Category Archives: Salt Lake County Library

Library 2.0 Tools and the Salt Lake County Library Website

One of the difficulties with assessing Web 2.0 tools on a library website, is that they are frequently embedded so deeply that it is very hard to find them. I might know that the library provides a certain service, but it might be impossible to find, or take a lot of searching. This difficulty is compounded on a website that has a lot of different content loaded on their web pages particularlywhen it is not organized into categories. The Salt Lake County Library System’s web page suffers from this malady. It is full of information, with the front page in particular crammed with links, that are grouped under such general headings as “Quick Links,” “What’s Hot @ the Library,” and “Books, Music & More.” Besides these groups of links, there are a lot of links that are just randomly placed around the front page. Fortunately, there is an option to search the site. It was only this feature that allowed me to actually find any Library 2.0 resources.

In assessing the Library 2.0 resources that I did find on this web site, I will focus my discussion on the following three issues:

  1.  Look at what Library 2.0 tools are avaliable  or promoted on the website.
  2. Review what assistance the library provides on the website to guide their patrons in actually using the tools.
  3. Assess what explanations as to why users would want to use these tools, and who exactly would benefit from using them.

Library 2.0 Tools on Salt Lake County Library System Website

From the front page of the Salt Lake County Library System’s website only one 2.0 tool really stands out from the plethora of links, that for the library’s Podcasts. There are other tools, such as several blogs, RSS feeds, widgets, a delicious account, and others, but this is the only one promoted on the front page. Some of the tools I found while looking through the pages, while others I only discovered through keyword searching the site.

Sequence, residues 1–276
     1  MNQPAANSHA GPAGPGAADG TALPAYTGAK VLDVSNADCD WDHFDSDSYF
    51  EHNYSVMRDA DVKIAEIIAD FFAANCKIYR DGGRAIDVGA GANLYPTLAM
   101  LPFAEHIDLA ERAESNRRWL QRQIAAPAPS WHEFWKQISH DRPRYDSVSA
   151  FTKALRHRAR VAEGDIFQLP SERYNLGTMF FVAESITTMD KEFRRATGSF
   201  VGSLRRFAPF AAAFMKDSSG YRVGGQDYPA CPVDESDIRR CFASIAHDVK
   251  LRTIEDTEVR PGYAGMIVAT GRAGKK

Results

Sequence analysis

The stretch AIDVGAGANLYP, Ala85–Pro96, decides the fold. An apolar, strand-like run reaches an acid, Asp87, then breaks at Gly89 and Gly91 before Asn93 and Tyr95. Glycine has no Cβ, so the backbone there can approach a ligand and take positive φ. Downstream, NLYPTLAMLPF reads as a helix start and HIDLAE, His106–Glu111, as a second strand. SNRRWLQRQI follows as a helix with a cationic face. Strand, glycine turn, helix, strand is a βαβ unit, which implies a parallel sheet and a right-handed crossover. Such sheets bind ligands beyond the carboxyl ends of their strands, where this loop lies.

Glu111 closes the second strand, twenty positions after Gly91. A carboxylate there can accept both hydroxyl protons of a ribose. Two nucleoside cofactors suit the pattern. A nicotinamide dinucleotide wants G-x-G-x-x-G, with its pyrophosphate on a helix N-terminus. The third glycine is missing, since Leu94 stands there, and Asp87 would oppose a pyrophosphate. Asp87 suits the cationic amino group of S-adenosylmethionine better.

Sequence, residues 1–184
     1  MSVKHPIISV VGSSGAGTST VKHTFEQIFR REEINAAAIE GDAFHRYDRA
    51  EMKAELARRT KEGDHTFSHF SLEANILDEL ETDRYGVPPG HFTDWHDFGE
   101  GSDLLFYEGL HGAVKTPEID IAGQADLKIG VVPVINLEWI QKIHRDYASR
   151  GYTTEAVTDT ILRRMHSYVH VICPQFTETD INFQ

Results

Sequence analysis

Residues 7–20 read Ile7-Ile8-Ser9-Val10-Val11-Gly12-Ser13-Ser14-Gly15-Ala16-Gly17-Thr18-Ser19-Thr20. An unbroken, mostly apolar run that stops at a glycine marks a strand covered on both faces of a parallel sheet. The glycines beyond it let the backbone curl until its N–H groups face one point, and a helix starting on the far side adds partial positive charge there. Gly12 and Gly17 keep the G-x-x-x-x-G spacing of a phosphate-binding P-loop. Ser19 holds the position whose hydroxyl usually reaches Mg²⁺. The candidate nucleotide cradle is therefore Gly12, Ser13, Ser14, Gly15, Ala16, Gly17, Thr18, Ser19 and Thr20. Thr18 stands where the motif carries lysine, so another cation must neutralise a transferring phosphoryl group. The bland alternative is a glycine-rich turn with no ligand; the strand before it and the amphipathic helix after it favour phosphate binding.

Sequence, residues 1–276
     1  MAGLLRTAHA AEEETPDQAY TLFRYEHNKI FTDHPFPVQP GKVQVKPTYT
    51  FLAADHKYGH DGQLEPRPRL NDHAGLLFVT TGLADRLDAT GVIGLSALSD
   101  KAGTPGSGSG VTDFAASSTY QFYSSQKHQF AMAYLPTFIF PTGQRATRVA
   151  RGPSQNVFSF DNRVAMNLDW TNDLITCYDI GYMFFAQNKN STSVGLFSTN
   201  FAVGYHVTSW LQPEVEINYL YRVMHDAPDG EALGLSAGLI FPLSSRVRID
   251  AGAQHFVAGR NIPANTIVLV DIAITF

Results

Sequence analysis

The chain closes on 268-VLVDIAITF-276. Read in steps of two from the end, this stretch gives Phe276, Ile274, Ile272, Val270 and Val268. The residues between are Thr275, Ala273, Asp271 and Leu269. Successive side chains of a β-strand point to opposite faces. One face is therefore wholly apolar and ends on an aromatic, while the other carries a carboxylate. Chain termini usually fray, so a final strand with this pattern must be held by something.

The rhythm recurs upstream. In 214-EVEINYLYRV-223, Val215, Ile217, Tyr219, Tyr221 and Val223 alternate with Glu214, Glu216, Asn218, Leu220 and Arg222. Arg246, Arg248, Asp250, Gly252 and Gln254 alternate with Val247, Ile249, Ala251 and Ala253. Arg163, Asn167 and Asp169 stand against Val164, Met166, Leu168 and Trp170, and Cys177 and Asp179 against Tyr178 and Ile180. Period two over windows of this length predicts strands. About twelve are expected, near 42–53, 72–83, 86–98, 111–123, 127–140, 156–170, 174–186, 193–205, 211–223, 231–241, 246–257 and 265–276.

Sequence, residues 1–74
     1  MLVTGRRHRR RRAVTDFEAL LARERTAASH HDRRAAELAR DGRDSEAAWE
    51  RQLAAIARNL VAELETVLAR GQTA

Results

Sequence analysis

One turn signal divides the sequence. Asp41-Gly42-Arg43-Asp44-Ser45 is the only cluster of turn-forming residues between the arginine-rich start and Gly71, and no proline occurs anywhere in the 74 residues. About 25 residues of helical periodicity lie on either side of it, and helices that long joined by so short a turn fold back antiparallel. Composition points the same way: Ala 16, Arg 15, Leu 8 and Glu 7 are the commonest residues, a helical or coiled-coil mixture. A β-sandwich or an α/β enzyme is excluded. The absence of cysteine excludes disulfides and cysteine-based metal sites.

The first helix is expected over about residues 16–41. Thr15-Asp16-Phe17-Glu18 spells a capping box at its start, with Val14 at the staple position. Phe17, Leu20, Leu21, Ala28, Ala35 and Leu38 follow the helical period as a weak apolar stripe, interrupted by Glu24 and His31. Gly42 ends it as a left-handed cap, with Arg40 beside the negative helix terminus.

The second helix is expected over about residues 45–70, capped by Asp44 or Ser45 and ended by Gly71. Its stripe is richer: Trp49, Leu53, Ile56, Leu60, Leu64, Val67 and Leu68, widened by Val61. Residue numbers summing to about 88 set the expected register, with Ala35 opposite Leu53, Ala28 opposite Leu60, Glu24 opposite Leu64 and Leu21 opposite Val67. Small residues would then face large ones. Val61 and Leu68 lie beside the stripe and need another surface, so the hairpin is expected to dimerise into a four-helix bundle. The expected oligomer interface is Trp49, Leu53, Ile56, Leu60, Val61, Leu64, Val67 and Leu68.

In 2006, the library started creating videos and posting them on a video feed that library users could subscribe to. The podcasts or vodcasts (video podcasts) shared by the library mostly feature interviews the local television stations did with various library personnel as well as recordings of author talks. Unfortunately, the stream is not frequently updated with several months in between installations, with the last one almost a year ago. This tool, however, is featured on the front page of their website, in a position of prominence.

Under “Library Information & Contacts” there is a category called “Library Tools,” this general category has links to some of the library’s 2.0 technologies. For instance they have a link to their Delicious account at the bottom of the page, which appears to be frequently updated and maintained by their staff. This Delicious account is also featured other places on their website, where they use it to provide a tag cloud of links and subjects. On this “Library Tools” page the library also offers a link to their LibraryElf program. This is an independent program that the library pays to provide more options for interactivity for their patrons. Users can sign up to receive alerts in a huge range of formats. They can consolidate all of their family member’s cards, to track all of the items checked out. In addition to this outside service, the library also offers a plug in that allows users to search the library catalog from a box on their web-browser.

Beyond this tools page, the library does offer a series of blogs and myspace pages, but finding the page with the list of them required me to do a keyword search. As far as I can tell, this page is hosted on the library web page but is not actually linked. This makes it harder for users to find the page and use these tools.